I guess most of us have heard of SMART objectives, we have changed it subtly to align with the aspirations of “breakthrough” businesses.
Stretching (and specific)
Measurable (and monitored)
Ambitious (aiming high)
Relevant (and resourced effectively)
Time Based (and target driven)
Yet we still see lots of examples of company objectives that hinder rather than help. In our experience many companies set SMART objectives but overlook some quite fundamental things:-
- Objectives are destinations. They are the ‘where’ not the ‘why’ or ‘how’. Objectives are the results, the outcomes you are trying to achieve. Don’t confuse them with the ways and means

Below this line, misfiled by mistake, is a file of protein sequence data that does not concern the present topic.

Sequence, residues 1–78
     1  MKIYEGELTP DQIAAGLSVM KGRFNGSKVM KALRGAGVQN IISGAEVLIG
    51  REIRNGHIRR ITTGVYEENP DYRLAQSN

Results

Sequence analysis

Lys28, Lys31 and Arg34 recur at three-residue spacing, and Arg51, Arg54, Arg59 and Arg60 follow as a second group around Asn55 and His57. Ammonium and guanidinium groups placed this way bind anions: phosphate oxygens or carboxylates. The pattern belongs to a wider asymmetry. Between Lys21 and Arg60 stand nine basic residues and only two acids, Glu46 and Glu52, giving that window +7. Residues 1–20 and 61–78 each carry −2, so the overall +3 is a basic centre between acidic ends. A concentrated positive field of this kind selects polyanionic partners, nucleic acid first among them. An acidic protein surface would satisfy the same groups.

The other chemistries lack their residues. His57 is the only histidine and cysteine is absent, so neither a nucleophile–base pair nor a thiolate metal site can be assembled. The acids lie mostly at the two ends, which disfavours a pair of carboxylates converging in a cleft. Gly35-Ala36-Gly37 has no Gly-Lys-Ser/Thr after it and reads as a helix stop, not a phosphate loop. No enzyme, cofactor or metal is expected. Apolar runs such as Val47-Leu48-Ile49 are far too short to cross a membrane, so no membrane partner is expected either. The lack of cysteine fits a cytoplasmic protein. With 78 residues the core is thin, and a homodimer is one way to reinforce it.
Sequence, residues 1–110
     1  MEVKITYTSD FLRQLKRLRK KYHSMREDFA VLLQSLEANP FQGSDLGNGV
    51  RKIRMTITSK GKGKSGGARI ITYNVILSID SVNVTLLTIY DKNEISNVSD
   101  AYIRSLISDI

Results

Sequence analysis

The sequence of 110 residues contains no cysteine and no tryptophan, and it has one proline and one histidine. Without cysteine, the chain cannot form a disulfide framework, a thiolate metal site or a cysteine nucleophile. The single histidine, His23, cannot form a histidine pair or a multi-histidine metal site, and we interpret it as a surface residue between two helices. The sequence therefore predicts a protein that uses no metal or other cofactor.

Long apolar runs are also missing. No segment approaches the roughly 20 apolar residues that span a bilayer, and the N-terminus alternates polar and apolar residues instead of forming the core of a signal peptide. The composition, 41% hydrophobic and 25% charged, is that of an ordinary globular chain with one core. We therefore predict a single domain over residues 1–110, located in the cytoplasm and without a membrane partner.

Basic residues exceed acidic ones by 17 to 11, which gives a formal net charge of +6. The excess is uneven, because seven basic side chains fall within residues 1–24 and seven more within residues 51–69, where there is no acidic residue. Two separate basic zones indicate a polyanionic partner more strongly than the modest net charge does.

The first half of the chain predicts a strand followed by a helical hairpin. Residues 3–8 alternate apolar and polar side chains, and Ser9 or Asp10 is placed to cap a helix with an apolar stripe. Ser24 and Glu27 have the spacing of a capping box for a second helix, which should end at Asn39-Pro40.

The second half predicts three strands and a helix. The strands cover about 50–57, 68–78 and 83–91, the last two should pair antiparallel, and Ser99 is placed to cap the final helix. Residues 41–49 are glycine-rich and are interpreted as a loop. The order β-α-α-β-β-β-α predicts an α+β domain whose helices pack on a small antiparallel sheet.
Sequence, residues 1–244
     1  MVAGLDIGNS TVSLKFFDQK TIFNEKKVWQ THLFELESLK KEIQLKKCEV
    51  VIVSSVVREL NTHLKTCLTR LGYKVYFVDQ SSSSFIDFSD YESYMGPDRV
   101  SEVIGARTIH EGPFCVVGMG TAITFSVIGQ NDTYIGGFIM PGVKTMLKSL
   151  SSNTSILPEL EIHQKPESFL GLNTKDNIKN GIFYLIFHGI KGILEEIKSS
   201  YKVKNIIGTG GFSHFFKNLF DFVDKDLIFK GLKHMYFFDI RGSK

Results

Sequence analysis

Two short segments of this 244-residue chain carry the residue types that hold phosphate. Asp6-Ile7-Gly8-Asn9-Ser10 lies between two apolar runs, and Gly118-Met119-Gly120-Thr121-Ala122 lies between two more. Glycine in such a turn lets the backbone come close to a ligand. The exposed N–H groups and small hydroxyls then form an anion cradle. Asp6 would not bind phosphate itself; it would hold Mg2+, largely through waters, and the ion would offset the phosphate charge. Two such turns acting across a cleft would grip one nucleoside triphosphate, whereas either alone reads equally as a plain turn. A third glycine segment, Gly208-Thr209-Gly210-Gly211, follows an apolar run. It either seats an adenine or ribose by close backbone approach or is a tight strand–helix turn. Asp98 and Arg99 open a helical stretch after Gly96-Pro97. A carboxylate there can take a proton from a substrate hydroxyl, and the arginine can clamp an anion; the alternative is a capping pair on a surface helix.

- Objectives need to be ‘single track’. In other words each expresses a single theme. They tell you to do one thing not two or three. For instance you could set an objective that states “improve sales by 25% next year”. You should never have an objective that says “improve sales by 25% next year while improving net margins by 3%”. What happens if you do achieve the 25% increase in sales, but margins only improve by 1%? Have you achieved the objective or not? Such twin track objectives are confusing and don’t guide your decision-making. Make your objectives single track – always!
- Objectives need to be consistent, in concert with each other, all pulling the business in the direction mapped out in the vision
- Finally objectives should be prioritised. If you were told that you would achieve only one of your objectives, which one would you pick? They may all be ‘vital few’ but some will be just that little bit more vital than the others